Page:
Study: Smoking Habits Create Greater Risk for Severe COVID-19 in Young Adults Than Asthma, Obesity


Contrary to earlier data, a new study from the University of California at San Francisco (UCSF) suggests that younger age may not reduce the severity of coronavirus disease 2019 (COVID-19).

Contrary to earlier data, a new study from the University of California at San Francisco (UCSF) suggests that younger age may not reduce the severity of coronavirus disease 2019 (COVID-19).

According to a press release from UCSF, data from the CDC has found that although patients aged 65 years and older are more likely to be hospitalized than younger people, the new study found that the gap is narrowing. For the week ending April 18, there were 8.7 hospitalizations per 100,000 people between ages 18 and 29 years, compared with 128.3 per 100,000 for patients over 65 years of age. For the week ending in June 27, however, the numbers were 34.7 and 306.7, respectively, demonstrating a 299% increase in hospitalizations for young adults.

The researchers at UCSF determined patient vulnerability by referencing indicators identified by the CDC, including heart conditions, diabetes, current asthma, immune conditions, liver conditions, obesity, and smoking within the previous 30 days. Medical vulnerability was assessed according to each indicator, so for example, 100% of smokers were vulnerable for severe COVID-19.

Perhaps most notably, the investigators found that medical vulnerability stood at 16.1% for the 6741 non-smokers included in the study, compared with 31.5% for the full sample of 8405 young adults, including smokers.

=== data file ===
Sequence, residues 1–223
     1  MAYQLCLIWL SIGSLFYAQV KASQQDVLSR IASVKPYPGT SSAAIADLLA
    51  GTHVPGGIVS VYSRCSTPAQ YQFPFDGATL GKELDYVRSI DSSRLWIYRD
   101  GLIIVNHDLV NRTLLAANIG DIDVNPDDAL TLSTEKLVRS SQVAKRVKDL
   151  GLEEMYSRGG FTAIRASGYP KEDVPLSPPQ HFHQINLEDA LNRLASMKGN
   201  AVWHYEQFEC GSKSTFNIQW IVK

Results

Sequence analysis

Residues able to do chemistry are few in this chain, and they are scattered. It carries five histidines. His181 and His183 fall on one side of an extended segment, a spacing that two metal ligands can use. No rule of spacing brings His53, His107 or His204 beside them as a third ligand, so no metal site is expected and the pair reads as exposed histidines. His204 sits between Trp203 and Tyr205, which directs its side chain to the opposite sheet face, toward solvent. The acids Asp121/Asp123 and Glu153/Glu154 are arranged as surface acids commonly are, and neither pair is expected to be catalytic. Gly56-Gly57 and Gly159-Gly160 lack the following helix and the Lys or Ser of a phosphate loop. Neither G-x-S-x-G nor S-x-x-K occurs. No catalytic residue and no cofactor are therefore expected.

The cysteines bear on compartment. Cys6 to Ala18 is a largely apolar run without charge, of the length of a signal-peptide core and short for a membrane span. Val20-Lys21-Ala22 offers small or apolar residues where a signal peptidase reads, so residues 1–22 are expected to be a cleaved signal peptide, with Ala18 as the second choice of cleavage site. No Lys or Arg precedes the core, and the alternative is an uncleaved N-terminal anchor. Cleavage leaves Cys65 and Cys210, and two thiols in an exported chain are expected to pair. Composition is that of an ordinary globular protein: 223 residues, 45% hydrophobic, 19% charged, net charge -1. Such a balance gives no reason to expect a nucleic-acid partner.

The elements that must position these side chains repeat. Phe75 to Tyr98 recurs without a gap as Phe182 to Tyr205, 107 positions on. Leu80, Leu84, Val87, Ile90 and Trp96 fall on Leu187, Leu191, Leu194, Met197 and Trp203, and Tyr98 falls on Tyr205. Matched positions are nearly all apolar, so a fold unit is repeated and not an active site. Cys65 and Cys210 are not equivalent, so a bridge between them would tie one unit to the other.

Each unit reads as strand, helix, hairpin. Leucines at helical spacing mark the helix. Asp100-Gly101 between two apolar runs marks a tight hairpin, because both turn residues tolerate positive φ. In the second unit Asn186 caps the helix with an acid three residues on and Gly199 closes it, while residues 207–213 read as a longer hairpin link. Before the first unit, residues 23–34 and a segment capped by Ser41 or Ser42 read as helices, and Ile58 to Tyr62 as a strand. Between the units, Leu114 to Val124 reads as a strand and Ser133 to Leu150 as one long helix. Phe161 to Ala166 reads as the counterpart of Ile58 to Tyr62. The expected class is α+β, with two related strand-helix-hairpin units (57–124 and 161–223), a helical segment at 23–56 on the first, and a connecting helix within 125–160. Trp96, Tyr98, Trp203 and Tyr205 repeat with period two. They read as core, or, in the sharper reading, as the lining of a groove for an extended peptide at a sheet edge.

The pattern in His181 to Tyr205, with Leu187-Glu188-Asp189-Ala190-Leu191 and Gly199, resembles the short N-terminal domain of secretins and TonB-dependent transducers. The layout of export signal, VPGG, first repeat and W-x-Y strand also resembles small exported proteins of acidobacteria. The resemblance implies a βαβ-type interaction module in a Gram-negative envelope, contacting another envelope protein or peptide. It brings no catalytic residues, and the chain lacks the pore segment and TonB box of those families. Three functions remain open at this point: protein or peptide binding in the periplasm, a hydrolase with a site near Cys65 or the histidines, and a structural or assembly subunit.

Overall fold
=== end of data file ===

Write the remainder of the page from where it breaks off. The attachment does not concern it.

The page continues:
“Recent evidence indicates that smoking is associated with a higher likelihood of COVID-19 progression, including increased illness severity, ICU admission, or death,” said first author Sally Adams, PhD, in a statement. “Smoking may have significant effects in young adults, who typically have low rates for most chronic diseases.”

These concerns are compounded by recent evidence that young adults are beginning to smoke at higher rates than adolescents, which is a reversal of previous trends, according to the press release.

“The risk of being medically vulnerable to severe disease is halved when smokers are removed from the sample,” said senior author Charles Irwin Jr, MD, in a statement. “Efforts to reduce smoking and e-cigarette use among young adults would likely lower their vulnerability to severe disease.”

Interestingly, the researchers found gender differences among 5 vulnerability indicators. Women were more likely to have asthma (10% vs 7.3%), to be obese (3.3% vs 2.6%), and to have immune conditions (3.2% vs 1.6%). However, they found that significantly fewer young women smoked, which resulted in an overall medical vulnerability of 29.7% compared with 33.3% for young men.


1 in 3 Young Adults May Face Severe COVID-19, UCSF Study Shows [news release]. University of California at San Francisco; July 12, 2020. Accessed July 16, 2020.

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